Policy Picks: New packaging laws in India, Thailand's trans fat ban, Coca-Cola, Jamie Oliver's sugar tax video and more feature in our policy round-up
‘Next level’ of food safety in India: FSSAI announces new packaging regulations
The Food Safety and Standard Authority of India (FSSAI) has announced new regulations prohibiting all food businesses in India from using ‘unsafe’ materials such as newspapers and recycled plastics to wrap food products.
“The food businesses shall have to comply with these regulations by July 1 2019,” said FSSAI CEO Pawan Agarwal.
According to the official FSSAI statement on the matter, the regulations will cover general and specific packaging material requirements as well as overall migration and specific migration limits of contaminants for plastic packaging materials
“[The] packaging materials used for packing or storing the food products shall conform to the Indian Standards provided in the schedules,” it added.
According to The National Law Review, compliance to these standards was only on a voluntary basis previously.
Thailand’s artificial trans fats ban implementation well-received by PepsiCo and food industry
Thailand has become the first ASEAN country to implement a ban on artificial trans fats after the ban came into force on January 10. So far, it has been well-received by potato chips manufacturing giant PepsiCo (under brands such as Lay’s and Cheetos) and others in the food industry.
The ban encompasses not only the manufacturing, importing and distribution of trans fats, but also all food products that contain these.
First announced by the Thai Public Health Ministry on July 13 last year, the ban was slotted to come into effect after 180 days, which was on January 10 this year.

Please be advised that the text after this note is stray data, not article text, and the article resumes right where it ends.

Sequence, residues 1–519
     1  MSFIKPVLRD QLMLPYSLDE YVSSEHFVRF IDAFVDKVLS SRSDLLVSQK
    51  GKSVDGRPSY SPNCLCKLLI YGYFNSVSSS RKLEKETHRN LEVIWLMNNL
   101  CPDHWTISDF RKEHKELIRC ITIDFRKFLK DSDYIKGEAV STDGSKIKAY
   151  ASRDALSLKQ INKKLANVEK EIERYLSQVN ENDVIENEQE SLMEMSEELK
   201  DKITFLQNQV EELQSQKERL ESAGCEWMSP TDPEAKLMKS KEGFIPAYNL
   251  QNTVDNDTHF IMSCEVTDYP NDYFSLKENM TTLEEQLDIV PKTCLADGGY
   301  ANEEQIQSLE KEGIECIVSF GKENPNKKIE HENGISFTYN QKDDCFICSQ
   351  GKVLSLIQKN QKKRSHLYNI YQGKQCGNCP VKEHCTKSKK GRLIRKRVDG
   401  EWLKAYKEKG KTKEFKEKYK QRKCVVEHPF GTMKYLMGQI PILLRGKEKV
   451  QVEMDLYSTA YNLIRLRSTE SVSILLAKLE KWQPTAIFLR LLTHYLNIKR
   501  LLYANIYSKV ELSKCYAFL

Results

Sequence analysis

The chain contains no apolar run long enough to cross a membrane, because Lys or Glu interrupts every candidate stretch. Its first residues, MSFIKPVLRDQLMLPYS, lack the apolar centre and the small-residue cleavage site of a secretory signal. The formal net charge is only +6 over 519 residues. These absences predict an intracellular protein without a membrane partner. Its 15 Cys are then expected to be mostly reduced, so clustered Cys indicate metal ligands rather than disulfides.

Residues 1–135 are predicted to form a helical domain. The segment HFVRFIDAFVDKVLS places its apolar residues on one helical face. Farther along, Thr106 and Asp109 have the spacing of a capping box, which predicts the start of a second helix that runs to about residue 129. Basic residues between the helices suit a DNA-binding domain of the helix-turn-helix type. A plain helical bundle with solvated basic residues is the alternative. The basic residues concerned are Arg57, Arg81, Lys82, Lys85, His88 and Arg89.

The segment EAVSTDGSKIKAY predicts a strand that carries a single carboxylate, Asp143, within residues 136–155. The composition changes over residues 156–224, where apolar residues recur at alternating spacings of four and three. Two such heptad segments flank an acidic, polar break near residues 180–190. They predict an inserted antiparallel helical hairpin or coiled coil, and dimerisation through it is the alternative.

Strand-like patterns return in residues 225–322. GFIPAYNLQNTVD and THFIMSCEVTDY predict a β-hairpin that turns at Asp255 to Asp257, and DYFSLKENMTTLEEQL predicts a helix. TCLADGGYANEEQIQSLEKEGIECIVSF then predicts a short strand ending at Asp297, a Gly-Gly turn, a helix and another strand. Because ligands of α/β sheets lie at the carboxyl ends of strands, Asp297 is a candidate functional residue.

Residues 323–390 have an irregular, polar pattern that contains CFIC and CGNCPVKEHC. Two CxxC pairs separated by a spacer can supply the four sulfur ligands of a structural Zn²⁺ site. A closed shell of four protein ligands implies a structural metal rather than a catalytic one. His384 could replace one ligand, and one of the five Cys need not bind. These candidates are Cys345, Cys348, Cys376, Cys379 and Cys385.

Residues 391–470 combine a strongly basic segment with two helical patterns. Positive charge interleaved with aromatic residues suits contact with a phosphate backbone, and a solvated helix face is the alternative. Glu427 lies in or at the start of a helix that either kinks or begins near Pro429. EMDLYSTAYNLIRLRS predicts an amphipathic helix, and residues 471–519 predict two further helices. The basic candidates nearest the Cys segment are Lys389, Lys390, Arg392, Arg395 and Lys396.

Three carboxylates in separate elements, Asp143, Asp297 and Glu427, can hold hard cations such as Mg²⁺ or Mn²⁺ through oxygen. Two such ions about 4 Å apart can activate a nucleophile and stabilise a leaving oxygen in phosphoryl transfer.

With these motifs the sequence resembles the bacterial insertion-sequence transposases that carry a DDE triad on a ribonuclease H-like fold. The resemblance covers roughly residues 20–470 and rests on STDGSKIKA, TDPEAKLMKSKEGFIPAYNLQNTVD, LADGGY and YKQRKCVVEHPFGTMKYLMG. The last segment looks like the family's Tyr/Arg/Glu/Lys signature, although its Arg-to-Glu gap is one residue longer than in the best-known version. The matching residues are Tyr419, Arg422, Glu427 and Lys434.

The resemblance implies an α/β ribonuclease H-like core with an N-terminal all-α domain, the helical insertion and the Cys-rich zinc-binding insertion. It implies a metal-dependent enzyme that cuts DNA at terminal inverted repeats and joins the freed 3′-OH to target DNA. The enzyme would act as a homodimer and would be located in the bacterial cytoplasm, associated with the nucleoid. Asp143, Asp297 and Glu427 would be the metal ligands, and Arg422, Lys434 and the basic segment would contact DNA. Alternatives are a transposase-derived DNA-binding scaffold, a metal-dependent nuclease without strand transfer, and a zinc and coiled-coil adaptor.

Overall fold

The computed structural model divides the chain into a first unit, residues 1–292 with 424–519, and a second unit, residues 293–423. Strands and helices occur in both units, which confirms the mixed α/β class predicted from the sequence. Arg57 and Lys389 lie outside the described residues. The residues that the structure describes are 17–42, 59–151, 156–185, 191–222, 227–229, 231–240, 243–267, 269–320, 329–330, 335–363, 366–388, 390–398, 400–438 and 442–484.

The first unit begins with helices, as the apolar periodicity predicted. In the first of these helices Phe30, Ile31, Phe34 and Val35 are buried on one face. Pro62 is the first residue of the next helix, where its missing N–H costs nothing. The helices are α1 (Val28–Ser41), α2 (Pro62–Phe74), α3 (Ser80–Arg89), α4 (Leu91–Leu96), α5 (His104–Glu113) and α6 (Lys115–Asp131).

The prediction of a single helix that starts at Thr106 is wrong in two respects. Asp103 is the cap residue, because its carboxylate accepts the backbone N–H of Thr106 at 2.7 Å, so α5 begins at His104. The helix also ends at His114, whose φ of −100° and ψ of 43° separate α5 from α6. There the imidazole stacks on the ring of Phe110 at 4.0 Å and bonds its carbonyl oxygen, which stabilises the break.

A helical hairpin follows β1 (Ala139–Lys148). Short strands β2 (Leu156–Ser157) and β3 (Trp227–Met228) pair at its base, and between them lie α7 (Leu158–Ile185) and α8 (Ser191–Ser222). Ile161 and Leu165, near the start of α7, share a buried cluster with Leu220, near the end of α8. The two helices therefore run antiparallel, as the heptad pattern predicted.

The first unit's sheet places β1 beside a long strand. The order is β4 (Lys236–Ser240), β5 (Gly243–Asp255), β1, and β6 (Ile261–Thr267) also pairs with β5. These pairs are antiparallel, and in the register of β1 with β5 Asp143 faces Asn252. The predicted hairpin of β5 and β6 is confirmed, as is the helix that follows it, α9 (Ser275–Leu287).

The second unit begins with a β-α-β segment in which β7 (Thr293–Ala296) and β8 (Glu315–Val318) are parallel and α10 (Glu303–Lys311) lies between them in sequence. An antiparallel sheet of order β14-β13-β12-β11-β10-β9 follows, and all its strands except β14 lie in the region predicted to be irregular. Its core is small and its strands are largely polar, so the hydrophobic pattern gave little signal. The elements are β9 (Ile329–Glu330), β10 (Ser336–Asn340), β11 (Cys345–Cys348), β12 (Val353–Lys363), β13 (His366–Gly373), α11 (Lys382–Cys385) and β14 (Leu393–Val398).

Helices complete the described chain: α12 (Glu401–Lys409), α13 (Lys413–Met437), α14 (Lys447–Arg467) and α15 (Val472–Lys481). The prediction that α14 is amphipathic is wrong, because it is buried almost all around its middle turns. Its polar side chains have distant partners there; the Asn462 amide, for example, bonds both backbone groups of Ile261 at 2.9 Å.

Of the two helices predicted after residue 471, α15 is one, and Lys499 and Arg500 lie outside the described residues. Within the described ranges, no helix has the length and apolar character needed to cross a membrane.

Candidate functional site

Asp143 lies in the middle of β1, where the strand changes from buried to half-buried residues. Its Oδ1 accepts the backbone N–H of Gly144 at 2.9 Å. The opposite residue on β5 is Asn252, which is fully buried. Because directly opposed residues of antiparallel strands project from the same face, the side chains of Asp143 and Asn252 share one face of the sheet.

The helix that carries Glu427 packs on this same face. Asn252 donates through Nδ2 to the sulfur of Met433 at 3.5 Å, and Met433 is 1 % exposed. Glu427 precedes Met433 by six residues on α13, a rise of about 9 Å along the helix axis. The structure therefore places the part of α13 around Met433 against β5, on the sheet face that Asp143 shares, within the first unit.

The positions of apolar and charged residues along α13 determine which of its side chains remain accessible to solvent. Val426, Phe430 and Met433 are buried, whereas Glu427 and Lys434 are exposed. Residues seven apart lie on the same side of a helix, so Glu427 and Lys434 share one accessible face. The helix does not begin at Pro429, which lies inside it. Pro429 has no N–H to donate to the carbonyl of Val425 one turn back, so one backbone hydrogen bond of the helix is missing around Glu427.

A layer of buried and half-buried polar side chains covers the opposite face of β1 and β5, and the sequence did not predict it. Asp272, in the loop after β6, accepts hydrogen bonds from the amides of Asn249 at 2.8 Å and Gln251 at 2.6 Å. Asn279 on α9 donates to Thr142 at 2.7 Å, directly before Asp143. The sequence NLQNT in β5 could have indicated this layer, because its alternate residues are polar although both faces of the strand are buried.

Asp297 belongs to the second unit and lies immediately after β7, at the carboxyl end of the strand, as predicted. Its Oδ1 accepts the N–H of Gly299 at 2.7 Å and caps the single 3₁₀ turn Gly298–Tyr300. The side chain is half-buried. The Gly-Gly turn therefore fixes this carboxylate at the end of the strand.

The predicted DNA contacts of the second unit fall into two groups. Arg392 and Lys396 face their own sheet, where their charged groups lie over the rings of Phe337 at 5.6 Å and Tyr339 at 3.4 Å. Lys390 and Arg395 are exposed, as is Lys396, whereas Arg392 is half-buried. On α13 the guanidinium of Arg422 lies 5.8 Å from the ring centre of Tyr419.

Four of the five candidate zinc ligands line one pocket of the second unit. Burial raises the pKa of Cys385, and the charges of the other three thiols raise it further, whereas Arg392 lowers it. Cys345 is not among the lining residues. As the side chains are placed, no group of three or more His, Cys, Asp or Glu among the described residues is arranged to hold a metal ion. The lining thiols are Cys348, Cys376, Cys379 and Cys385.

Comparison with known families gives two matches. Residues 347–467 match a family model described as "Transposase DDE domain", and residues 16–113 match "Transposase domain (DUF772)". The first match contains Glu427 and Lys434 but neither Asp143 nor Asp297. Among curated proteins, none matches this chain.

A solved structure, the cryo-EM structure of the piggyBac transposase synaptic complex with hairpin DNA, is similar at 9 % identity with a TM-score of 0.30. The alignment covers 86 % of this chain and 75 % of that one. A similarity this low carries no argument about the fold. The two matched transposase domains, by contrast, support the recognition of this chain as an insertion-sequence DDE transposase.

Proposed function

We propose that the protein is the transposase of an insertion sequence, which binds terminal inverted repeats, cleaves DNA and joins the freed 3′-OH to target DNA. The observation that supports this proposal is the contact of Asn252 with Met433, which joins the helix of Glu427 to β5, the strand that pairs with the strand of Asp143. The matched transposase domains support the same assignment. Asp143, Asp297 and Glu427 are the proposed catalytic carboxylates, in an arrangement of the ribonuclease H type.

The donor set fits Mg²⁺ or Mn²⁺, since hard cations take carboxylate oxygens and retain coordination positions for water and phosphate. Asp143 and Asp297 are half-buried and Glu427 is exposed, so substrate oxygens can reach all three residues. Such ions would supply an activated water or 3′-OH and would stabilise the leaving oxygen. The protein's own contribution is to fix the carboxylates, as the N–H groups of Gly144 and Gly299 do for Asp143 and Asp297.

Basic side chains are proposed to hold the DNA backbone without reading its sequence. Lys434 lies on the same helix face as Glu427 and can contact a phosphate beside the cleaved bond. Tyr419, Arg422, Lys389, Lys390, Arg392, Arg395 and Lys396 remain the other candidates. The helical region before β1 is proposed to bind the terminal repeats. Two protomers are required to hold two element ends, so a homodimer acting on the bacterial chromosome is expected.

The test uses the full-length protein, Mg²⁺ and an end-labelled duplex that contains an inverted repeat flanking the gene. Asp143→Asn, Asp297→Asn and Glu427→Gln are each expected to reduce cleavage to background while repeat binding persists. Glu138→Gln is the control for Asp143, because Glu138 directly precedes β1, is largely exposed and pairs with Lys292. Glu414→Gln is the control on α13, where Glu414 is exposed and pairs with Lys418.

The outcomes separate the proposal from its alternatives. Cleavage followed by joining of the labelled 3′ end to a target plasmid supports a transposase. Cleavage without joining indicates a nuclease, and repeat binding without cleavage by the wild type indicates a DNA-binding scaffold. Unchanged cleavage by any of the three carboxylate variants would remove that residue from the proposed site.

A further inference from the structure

Claims Coca-Cola shaped Chinese anti-obesity policies to its advantage via government ties: Studies
Coca-Cola’s ties with the Chinese health authorities have focused anti-obesity policies on physical activity over regulation of the food and beverage industry, two new studies are claiming.
Two studies, published in the Journal of Public Health Policy and the BMJ, said that Coca-Cola’s links with Chinese health authorities, have caused China’s anti-obesity policies “to emphasise physical fitness over dietary restrictions, matching strategies advocated by Big Soda.”
Conducted by Susan Greenhalgh, a research professor at Harvard University, the study pinpointed that the International Life Sciences Institute (ILSI) – founded and funded by Coca-Cola, was a stepping stone that the soda giant used to shape anti-obesity policymaking in China.
There are 17 ILSI branches worldwide, but Greenhalgh posited that it welded a greater influence in China due to the connections that it enjoyed.
Health tax in Qatar: Price hikes as 100% levy on alcohol, energy drinks, and pork introduced
Qatar has implemented a Selective Tax Law on “health-damaging” products, including sugary and energy drinks, and tobacco products.
A 100% tax is imposed on alcohol, energy drinks, and pork, while the tax rate for sugary drinks is 50%, the country’s Ministry of Finance said as part of its budget announcement.
The law was implemented on January 1.
Since the implementation, many alcohol and energy drinks products saw a price hike.
‘A tax for good’?: Jamie Oliver films video imploring New Zealand Health Minister to pass sugar tax
Celebrity UK chef Jamie Oliver has filmed a video directed at New Zealand Health Minister David Clark, imploring him to ‘listen to the people’ and get a sugar tax passed in the country.
The video was broadcasted at a sugar tax symposium that Clark was scheduled to open. However, Clark was not present on the day, sending his deputy Maree Roberts instead.
Nonetheless, Oliver made several heartfelt pleas in the video, calling the sugar tax ‘a thing of beauty’.
“This tax is a tax for good. [It] is a thing of beauty. When it was ratified in the British government, [it led to] one in three sugary drink products being reformulated, meaning that reformulation took place at a velocity and rate that had never been seen before in British history,” said Oliver.
He also listed out various positive effects of the successful implementation of sugar tax in the United Kingdom, where he previously led a campaign to get the tax passed.